Culture Magazine

The Mysterious Lonely House in Iceland

By Planet Fotorimo
Christopher Lynn
Elliðaey is one of the Westman Islands, located south of Iceland. The island is uninhabited, but has a large hunting lodge, constructed in 1953. The lodge is owned by Elliðaey Hunting Association.
The island of Elliðaey (63° 28’05.10″ N, 20° 10’31.98″ W), the third largest island of the Westman Islands, located south of Iceland. The island is a mere 0.18 mi² in area and is uninhabited. From this website, we learn the following information (translation is mine, so it’s imperfect but gives the gist):“On the island is a large fishing house owned by the Ellidagrim Islands Society, which engages in puffin egg hunting in summer and in spring. In earlier times there was a hunting lodge called simply “dwelling.” The first building which was built on the island still stands. It is used for storage, and is west of the ‘Skápana.’ In 1953, a new lodge was built at the foot of Hábarð (the highest peak on Elliðaey)  because the old building failed the test of time. In 1985, work began on a new two-story fishing house which was attached to the house that was built in 1953; it was completed in 1987. In 1994 it was discovered that the 1953 edifice had deteriorated to such an extent that it was no longer useable. It was therefore demolished and another house built instead in the same location, with construction being completed in 1996. Between 2000-2001, a small house west of the lodge was built, which houses the Ellidagrim Islands Society sauna.”lonely-house-ellidaey-iceland-66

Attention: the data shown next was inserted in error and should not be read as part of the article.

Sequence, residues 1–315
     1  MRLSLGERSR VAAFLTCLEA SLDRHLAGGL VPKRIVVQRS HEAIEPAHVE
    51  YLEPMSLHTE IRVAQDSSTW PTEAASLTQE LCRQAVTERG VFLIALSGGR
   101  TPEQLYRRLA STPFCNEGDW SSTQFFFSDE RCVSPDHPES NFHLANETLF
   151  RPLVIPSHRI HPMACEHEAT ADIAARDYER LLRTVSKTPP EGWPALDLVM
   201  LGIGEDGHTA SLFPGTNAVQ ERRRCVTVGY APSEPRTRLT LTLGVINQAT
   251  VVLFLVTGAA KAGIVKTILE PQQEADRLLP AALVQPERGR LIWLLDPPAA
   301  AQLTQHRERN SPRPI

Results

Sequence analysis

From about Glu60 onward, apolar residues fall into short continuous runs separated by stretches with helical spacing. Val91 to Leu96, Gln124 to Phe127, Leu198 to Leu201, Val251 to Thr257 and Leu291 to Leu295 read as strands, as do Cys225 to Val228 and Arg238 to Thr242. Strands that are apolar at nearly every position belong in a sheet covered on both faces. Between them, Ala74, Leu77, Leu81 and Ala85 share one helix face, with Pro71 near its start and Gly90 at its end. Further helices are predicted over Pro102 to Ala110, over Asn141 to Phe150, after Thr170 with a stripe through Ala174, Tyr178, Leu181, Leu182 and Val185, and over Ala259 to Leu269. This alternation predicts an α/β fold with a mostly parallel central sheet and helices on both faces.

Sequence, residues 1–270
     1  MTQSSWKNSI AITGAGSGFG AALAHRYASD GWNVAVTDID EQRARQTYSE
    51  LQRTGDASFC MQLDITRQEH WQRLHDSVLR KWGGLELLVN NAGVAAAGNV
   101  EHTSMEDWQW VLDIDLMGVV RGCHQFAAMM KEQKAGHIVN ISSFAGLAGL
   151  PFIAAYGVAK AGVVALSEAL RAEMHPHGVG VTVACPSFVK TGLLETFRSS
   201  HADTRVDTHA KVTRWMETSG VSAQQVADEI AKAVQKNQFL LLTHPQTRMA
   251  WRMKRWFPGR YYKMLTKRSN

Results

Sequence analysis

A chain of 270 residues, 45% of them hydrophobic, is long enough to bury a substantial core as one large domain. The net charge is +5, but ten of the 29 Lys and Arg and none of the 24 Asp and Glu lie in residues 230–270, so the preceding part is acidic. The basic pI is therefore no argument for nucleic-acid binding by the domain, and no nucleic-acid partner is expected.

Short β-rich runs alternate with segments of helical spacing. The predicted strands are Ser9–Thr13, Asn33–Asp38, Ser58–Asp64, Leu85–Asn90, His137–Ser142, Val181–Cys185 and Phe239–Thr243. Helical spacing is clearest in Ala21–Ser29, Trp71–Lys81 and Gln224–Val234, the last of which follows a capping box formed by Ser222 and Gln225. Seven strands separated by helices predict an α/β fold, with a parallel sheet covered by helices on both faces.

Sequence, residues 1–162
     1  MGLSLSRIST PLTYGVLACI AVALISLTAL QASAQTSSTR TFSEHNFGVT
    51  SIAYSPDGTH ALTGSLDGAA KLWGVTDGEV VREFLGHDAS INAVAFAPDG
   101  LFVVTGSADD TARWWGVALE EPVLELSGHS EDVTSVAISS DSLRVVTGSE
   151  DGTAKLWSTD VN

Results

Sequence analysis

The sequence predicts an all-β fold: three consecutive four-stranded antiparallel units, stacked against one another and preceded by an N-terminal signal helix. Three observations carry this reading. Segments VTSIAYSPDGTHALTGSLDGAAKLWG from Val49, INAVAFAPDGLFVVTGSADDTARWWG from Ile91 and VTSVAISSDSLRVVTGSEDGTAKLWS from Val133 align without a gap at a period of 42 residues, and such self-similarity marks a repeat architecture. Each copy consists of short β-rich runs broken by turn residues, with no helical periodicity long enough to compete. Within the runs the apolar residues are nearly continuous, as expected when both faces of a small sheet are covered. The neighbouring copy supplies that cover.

Christopher Lynnlonely-house-ellidaey-iceland-70Inconnulonely-house-ellidaey-iceland-9
Gisli Jonlonely-house-ellidaey-iceland-10
Christopher Lynn

The mysterious lonely house in Iceland

Mesta upplausn

It is this structure, the hunting lodge, that captures the imagination of photographers today. The lodge has no electricity, broadband internet (oh, the horror!) or indoor plumbing. This being Iceland, the lodge does have a sauna. The water for the sauna — and for less important tasks, such as cooking and drinking — comes from a rainwater collection system. The lodge, oddly, is surrounded by a fence, perhaps to keep the puffins from launching a counter attack.


Back to Featured Articles on Logo Paperblog